Image result for netbox device types

When I started using NetBox on my daily job, I planned to use it as a replacement for all the spreadsheets I had for switch configurations, IP address management, secrets, and VLAN assignments. NetBox can handle all of this and more, but the interface didn’t suit my needs.

NetBox is built using the Python Django framework, which I have used for another projects. I used Visual Studio Code to clone the repository and debug, as it has native support for the Django template language.

I keep a copy of the repository on my local machine for ease of modifications. Prior, I have set DEBUG=TRUE on netbox/configuration.py, and allowed localhost and my local network to access the development server. Also, I set the correct settings to connect to the existing postgresql database.

Connecting the existing DB to my local development server

This environment works for test purposes, but the best you can do is to set up separated development and production environments, and commit your changes to production once everything is tested.

Using VSCode to debug Django

The URL definition for the single device view is around line #147 of the netbox/dcim/urls.py file, and it looks like this.

 url(r'^devices/(?P<pk>\d+)/$', views.DeviceView.as_view(), name='device'),

Heading to the DeviceView view, I put a breakpoint on the interfaces
QuerySet of the view definition, and launched the debugger. The default location is at http://localhost:8000.

Setting up the debugger
Breakpoints

I headed to http://localhost:8000/dcim/devices/570/, where I had defined a switch with several VLANs, to hit the breakpoint and find out if the
QuerySet had information about the VLANs, or if they were queried in a per-interface basis, on the interface view.

QuerySet returns this

Lucky me, the QuerySet recovered all the information I needed, and it is passed to the template via a render() call.

All the information I want is rendered on this table. This is the power of the Django framework. I added line #513 as an additional header for the VLANs column.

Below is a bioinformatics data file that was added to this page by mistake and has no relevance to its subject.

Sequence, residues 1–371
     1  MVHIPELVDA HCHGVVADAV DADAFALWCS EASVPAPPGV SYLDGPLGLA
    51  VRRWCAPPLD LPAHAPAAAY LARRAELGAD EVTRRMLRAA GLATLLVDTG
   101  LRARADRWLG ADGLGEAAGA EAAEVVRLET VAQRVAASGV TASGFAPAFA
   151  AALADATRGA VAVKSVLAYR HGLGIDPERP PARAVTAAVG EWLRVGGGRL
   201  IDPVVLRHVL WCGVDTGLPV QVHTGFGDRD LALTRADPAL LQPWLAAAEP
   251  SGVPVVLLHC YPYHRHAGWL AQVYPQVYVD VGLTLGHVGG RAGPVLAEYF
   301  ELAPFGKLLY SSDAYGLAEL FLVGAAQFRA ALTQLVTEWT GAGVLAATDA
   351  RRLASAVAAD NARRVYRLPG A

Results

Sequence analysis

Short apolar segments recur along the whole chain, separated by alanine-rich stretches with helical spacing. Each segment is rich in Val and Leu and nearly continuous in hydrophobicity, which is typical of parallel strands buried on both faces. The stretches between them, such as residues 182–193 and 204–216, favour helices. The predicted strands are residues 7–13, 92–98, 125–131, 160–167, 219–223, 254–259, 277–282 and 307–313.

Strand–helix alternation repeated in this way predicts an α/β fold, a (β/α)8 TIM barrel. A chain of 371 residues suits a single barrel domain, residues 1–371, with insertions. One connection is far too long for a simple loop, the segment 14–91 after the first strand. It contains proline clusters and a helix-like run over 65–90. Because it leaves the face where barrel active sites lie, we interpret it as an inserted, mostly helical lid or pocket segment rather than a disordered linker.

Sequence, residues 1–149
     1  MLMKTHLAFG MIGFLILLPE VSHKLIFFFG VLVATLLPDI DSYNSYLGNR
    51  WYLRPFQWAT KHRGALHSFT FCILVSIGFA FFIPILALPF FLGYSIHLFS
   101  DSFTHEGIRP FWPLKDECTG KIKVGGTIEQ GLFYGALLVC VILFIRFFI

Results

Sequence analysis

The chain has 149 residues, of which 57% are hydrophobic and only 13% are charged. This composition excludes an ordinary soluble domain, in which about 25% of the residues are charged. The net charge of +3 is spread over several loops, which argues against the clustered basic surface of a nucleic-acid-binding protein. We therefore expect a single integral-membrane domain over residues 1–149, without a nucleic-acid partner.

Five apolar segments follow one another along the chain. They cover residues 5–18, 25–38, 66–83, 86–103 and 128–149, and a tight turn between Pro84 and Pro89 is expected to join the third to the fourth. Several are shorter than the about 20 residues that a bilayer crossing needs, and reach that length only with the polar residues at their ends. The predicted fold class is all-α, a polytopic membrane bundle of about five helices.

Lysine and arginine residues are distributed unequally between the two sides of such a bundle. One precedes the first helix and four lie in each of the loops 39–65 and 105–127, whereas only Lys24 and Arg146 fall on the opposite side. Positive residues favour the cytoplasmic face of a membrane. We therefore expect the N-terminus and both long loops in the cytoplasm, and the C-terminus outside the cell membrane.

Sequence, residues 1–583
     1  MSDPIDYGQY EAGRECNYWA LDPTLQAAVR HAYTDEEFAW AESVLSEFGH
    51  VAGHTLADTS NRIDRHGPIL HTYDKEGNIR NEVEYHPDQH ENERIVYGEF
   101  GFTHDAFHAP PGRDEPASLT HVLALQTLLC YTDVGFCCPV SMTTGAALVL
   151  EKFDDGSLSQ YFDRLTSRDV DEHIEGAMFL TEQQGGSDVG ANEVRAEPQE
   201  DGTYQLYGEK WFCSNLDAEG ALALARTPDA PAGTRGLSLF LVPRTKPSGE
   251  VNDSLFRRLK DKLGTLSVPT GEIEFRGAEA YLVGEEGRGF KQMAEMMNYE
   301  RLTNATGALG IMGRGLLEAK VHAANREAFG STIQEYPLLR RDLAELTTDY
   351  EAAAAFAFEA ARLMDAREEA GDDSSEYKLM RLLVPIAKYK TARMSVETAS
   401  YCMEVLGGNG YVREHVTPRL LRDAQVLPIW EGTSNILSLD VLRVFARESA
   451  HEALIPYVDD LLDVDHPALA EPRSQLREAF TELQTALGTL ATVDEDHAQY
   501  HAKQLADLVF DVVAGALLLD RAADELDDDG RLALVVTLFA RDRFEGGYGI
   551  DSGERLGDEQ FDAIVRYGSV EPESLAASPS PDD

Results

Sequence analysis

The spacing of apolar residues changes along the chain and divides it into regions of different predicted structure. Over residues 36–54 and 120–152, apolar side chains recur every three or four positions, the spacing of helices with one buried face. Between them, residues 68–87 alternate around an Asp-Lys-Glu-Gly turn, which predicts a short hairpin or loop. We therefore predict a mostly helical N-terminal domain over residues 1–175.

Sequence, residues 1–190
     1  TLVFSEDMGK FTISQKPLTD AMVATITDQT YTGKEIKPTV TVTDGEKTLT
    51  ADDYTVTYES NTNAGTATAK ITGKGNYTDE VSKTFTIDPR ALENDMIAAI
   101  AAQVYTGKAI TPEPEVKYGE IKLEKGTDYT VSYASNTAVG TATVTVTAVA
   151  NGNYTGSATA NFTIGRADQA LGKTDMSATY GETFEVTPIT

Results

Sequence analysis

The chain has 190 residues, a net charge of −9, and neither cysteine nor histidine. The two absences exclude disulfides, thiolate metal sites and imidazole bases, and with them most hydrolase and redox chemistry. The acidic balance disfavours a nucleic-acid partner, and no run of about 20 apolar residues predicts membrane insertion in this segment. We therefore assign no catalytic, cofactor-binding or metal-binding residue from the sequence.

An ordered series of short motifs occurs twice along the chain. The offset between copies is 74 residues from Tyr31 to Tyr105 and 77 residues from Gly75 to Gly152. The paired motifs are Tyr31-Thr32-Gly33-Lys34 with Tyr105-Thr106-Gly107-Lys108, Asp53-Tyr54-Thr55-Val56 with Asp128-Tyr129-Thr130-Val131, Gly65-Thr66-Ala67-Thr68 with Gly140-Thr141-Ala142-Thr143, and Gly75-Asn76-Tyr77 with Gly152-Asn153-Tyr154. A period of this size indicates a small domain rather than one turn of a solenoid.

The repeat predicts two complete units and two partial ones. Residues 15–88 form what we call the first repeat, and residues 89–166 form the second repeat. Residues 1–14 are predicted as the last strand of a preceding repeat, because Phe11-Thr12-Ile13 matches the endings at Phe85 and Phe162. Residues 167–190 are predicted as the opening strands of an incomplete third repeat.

This table has a for loop which iterates for each interface of the device, so I edited the included template file at dcim/inc/interface.html.

Both tagged and untagged VLANs groups have a bolded title, and the VID and VLAN name is shown after it. I used the dictsort filter, which is part of the Django framework, to sort all the VLANs by their VID.

dcim/inc/interface.html

The final result looks like the following image, and it allows to keep track of all the VLANs on all ports, at first sight. This is easier and more user friendly than getting that information interface per interface, or making a new custom view.

New Template Rendering

Running NetBox in Docker

NetBox is an IP address management (IPAM) and data center infrastructure management (DCIM) tool. Initially conceived by the network engineering team at DigitalOcean, NetBox was developed specifically to address the needs of network and infrastructure engineers.

A quick way to get it working is to use the Docker stack provided at https://github.com/ninech/netbox-docker.

Installing

First, I cloned the repository.

$ git clone -b master https://github.com/ninech/netbox-docker.git
$ cd netbox-docker

Once cloned, I used docker-compose to pull the images

$ docker-compose pull

And then I started the stack with

$ docker-compose up -d

The service will be up and running after a few minutes. Once ready, you need to find where to connect to with

$ docker-compose port nginx 8080

Or use this snippet

$ echo "http://$(docker-compose port nginx 8080)/"

Here I use Portainer as a gui to manage Docker, and Traefik as a reverse proxy to enable FQDN access to the services behind. I added an entry on my DNS to route netbox.arturo.local to the Docker IP address, on the exposed port for Nginx.

Spiceworks Customization

Andrew Foster at Topland Communications reached me via Upwork looking to customize and fine tune a existing Spiceworks installation.

After a quick inspection, I decided to tackle the project by compacting the DB in first place. Spiceworks keeps a lot of logs regarding the system activity, which are located on C:\Program Files\Spiceworks\Log. In order to clean them, the first step is to stop Spiceworks service.

Logs are stored in two main locations:

  • C:\Program Files\Spiceworks\Log, for the Spiceworks service
  • C:\Program Files\Spiceworks\httpd\log\, where the Apache server keeps them

Once the logs are cleaned, I compacted the DB to increase the performance, and I started the service again.

Ticket rules were configured to auto assign support tickets, thus saving time to the support operators.

And the user portal was customized to match the company colors and logo.

Axis CCTV and Video Management System

A security company contacted me thorough Upwork, searching for support on a brand new installation of an Axis Camera Station System on a educational institution. This company, Coyote Cabling from New Mexico, US, was on charge of a 52 camera installation, with an option to add 32 existing cameras on a later stage.

After a research, they decided to use Axis S1148 servers, which really are re-branded Dell servers. The S1148 comes with a ready to use Windows Server 2012 OS, and with the Axis Camera Station preinstalled. This vendor supported hardware allowed to reduce licensing costs, because they are included on the server price, and avoid any incompatibilities